There’s no booze in the Twitter pub but…

… there are interesting people, links to cool stuff, friends to make and the opportunity to chat with people you’d never have the chance to have a beer with in real life (due to geographical constraints or the fact that they’re very famous).

And the option to just unfollow someone who is upsetting you is a definite advantage over a real world pub, I can tell you.


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{ 14 comments... read them below, or add one }

  1. K. A. Laity says:

    On the nosie! Must be why I love Twitter 😉

  2. Anne Lyle says:

    Funny, I was thinking just the same thing last night – that Twitter is my everyday social life, as the pub used to be for my parents’ generation. You drop in when you feel like, say hi, and mooch around until you find someone who’s talking about something you feel like paying attention to.

    Good luck with the talk!

  3. I think that Twitter is a River, myself…

  4. Phil Norris says:

    Nice post, and I like your thinking, only problem is I really fancy a pint now!

  5. Jo Hall says:

    I’ve always thought of Twitter as a watercooler, especially for people who work from home. You can drop in, have a chat or a moan, and then get back to work. There’s no obligation to converse, or to be there all the time, but it’s perfectly ok to stick your head into a conversation and say Hi, or ask a question. What I’m not sure about, and I’m not sure you or anyone could answer this, is how much self-promotion you can do on Twitter without becoming annoying? I think I err too much on the side of caution, and while I’m sure no one wants to keep hearing where they can by my books, I’m equally sure no-one wants to know my adventures with the builders or what I had for lunch, or my word counts (oh god, the word counts!) So how do you keep a Twitter feed interesting?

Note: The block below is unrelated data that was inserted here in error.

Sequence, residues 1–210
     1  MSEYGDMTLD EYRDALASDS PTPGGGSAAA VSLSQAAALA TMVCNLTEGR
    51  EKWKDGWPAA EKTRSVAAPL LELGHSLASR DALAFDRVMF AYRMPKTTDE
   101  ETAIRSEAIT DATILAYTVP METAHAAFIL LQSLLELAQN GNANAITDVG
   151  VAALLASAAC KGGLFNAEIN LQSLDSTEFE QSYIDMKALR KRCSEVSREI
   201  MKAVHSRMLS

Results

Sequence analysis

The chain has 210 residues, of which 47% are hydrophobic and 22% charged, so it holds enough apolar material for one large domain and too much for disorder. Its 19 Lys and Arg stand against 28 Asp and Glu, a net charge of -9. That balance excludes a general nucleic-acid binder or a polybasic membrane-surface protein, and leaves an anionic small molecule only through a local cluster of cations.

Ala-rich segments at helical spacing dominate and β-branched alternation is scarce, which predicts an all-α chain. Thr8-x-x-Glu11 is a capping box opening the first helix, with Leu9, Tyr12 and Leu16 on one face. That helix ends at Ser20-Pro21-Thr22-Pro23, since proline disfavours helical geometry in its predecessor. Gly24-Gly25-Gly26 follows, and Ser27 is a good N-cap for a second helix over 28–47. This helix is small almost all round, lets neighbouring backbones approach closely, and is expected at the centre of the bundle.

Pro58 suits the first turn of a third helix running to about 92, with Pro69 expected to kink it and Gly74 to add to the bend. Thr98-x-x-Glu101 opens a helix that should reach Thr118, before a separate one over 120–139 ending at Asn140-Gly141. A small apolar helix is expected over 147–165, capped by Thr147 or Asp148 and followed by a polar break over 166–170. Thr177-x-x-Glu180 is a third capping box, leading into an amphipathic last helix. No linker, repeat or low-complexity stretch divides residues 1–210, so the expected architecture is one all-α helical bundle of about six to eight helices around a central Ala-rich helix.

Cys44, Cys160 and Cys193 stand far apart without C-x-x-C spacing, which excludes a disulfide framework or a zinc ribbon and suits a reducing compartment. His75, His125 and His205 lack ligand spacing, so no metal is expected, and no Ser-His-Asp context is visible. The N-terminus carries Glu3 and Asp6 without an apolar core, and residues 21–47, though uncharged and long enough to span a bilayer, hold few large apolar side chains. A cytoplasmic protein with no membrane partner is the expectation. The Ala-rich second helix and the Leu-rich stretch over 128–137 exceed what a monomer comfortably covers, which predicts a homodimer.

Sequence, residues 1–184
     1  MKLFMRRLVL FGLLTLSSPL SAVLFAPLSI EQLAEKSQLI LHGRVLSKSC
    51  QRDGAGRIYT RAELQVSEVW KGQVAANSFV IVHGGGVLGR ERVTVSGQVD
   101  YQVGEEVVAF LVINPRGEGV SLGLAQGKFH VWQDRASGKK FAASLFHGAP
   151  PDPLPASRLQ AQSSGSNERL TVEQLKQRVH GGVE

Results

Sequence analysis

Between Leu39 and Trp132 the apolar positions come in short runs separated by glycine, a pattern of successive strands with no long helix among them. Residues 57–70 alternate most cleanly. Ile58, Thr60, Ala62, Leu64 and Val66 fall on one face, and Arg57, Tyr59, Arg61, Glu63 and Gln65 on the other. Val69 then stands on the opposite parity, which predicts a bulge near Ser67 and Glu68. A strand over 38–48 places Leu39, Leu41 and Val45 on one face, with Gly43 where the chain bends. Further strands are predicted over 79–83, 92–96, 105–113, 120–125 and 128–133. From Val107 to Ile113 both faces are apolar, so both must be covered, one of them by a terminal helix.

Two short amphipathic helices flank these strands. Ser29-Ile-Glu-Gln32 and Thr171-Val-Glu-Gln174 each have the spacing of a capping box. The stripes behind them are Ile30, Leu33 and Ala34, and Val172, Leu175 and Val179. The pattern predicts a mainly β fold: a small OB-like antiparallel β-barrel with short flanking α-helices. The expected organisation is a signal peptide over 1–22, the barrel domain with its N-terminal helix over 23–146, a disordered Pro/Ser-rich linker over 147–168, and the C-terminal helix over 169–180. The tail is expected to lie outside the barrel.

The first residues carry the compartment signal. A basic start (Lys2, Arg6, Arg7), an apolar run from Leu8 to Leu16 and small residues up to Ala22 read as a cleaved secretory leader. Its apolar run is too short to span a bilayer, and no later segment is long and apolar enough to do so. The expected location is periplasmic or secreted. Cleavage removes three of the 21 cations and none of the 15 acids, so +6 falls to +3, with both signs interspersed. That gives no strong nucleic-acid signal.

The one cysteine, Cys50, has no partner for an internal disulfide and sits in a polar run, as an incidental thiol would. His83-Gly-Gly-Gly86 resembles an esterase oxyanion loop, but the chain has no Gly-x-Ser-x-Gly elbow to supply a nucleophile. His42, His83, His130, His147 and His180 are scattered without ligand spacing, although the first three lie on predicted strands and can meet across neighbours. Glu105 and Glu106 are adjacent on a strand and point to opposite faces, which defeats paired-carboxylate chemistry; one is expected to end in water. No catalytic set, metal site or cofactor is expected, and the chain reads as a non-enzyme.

• Emma says:

      What EMoon says below 🙂

      I too err too far on the side of un-promotion I think, or rather, I probably don’t do enough “here is a great review” or “did you know about my book” kind of stuff (more elegantly of course). However, I try not to worry about it too much because all the info is there if people are curious and want to look.